5 KEYS TO A PRODUCTIVE WORKOUT
R. Cameron Gardner M.S. ACN, CSCS
Day in and day out we are bombarded with “gym experts” and “trainers” who seem to have all the answers to get you big, strong and ripped. In reality, the same basic principals have stood the test of time, in all genres and arenas. Here I will highlight the keys to getting the most out of the time spent in the gym.
1-Fuel your workout
I hear many horror stories of athletes and clients waking up rolling out of bed and going to the gym without eating or having some kind of appropriate shake.
Despite what you may have heard, carbs are what fuel strong, productive workouts. Having a meal of protein, carbs, and a little fat about 90-120 minutes before your workout will assure stable and sustained blood sugar and a steady stream of amino acids. In the big picture you want to assure adequate muscle glycogen in the muscle, days prior to your training session.
2-Choose basic compound exercises with high recruitment potential
These include barbell and dumbbell exercises, squats, deadlifts, shoulder press, bench press, chins, pull-ups, dips, rows, etc. The principle of training economy states you want the biggest bang for your buck for the time spent in the gym.
One quick look at IG explore and you’ll find people performing the most insane, unproductive variations of exercises just for a like or shock value; doing anything to stand out. In reality, the basics have stood the test of time for both professionals and rising stars alike.
3- Appropriate Rest intervals
I see lots of intra-set jaw work lately…i.e. talking! Having a proper work to rest ratio is important but you also want to maximize time spent in the gym so you have more time outside of the gym.
For strength and size, you want to allow full ATP-Creatine phosphate regeneration between sets which occurs in about 2-3 mins. Anything longer than that and you’re wasting your time and losing CNS activation and upregulation, which is the boost or priming in CNS activity seen from handling heavy weights. Certainly, there are some arguments to be made for shorter rest intervals to maximize metabolic damage, increase blood flow (aka the pump), and metabolic capacity adaptions so a drop set, superset or high rep set thrown in at the end can be beneficial.
I see a few standout issues with clients and workout performance.
The first client is one who doesn’t push themselves hard enough. They send me the workout logs and if 4 sets of 8 was prescribed they tell me they did 4 sets of 8. FOR Everything. How is that possible if you are truly challenging yourself each set? There has to be some drop off, unless you are powerlifting and staying under a certain RPE.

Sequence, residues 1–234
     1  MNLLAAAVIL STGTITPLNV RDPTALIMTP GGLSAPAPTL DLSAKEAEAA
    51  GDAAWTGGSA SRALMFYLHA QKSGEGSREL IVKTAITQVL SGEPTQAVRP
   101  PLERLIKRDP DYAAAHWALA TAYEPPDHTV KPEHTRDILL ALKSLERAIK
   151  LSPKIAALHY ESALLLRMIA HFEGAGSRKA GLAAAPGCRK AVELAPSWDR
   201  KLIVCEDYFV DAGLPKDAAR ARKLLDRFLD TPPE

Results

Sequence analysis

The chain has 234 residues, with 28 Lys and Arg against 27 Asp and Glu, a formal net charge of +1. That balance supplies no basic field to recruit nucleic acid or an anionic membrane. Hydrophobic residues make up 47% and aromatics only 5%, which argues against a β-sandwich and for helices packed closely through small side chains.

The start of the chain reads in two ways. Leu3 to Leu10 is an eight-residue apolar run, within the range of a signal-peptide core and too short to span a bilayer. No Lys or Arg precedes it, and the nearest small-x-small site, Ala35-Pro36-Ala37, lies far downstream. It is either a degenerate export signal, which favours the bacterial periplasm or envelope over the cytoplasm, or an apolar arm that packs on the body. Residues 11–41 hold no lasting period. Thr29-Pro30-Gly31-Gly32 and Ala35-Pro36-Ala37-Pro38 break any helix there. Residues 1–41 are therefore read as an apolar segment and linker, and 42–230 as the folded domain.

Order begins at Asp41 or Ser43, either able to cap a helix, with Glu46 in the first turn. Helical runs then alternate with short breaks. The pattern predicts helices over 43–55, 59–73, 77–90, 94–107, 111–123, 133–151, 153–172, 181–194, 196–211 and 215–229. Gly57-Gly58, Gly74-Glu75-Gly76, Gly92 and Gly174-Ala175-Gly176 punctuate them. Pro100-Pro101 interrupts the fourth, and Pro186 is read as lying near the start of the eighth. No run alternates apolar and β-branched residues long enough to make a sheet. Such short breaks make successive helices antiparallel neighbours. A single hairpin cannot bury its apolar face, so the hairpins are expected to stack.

The other glaring thing I see is something like this.
Bench press 205x10, 215x10, 225x10. If you can do 225x10 on your 3rd set you sure as hell aren’t pushing yourself on the first 2 sets; there are submaximal unchallenging sets.
I have clients tell me “I added some extra stuff at the end because I felt like I could do more”. If you feel this way, you probably didn’t get all you could from each set and ended up with a lot of fluffy sets.
5-Track Progress/Keep a log book
You’ve heard this over and over, but generally speaking if you’re getting stronger or handling progressively heavier weights, chances are you’re also causing hypertrophy and gaining muscle. We all see the same guys and gals in the gym year after year using the same weights, doing the same flat bench or squats sets of 3x10 with 225. They ALL look the same!
If you don’t present the body with a new stimulus you won’t get new results. The body responds to stress because of General Adaptation Syndrome or GAS response. The only way to truly track progress is to use a log book and write down every set/rep and every exercise you perform or at the very least key main exercises. Track your week to week progress and every workout aim to beat the previous workout’s numbers. Understand the body doesn’t always recover in a linear fashion and there are ebbs and flows in the body. When you log, you can learn a lot about how you recover and which exercises augment the strength of other ones and what impairs progress.
These 5 keys should be able to help both beginners and advanced trainees alike to kick their workouts up a notch. Beginners- this may be the first you’re hearing any of this. Experts-if you’ve seen some of these concepts before, then it’s consider this a good reminder. Anyone can implement most, if not all of these tips and tricks in your next workout!